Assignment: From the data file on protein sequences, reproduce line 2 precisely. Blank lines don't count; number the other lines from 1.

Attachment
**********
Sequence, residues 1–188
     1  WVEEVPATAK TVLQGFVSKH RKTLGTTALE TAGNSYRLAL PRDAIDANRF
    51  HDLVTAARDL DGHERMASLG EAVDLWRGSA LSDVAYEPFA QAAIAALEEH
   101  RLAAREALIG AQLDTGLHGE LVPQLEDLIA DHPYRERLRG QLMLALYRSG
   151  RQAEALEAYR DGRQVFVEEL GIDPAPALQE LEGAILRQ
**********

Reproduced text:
     1  WVEEVPATAK TVLQGFVSKH RKTLGTTALE TAGNSYRLAL PRDAIDANRF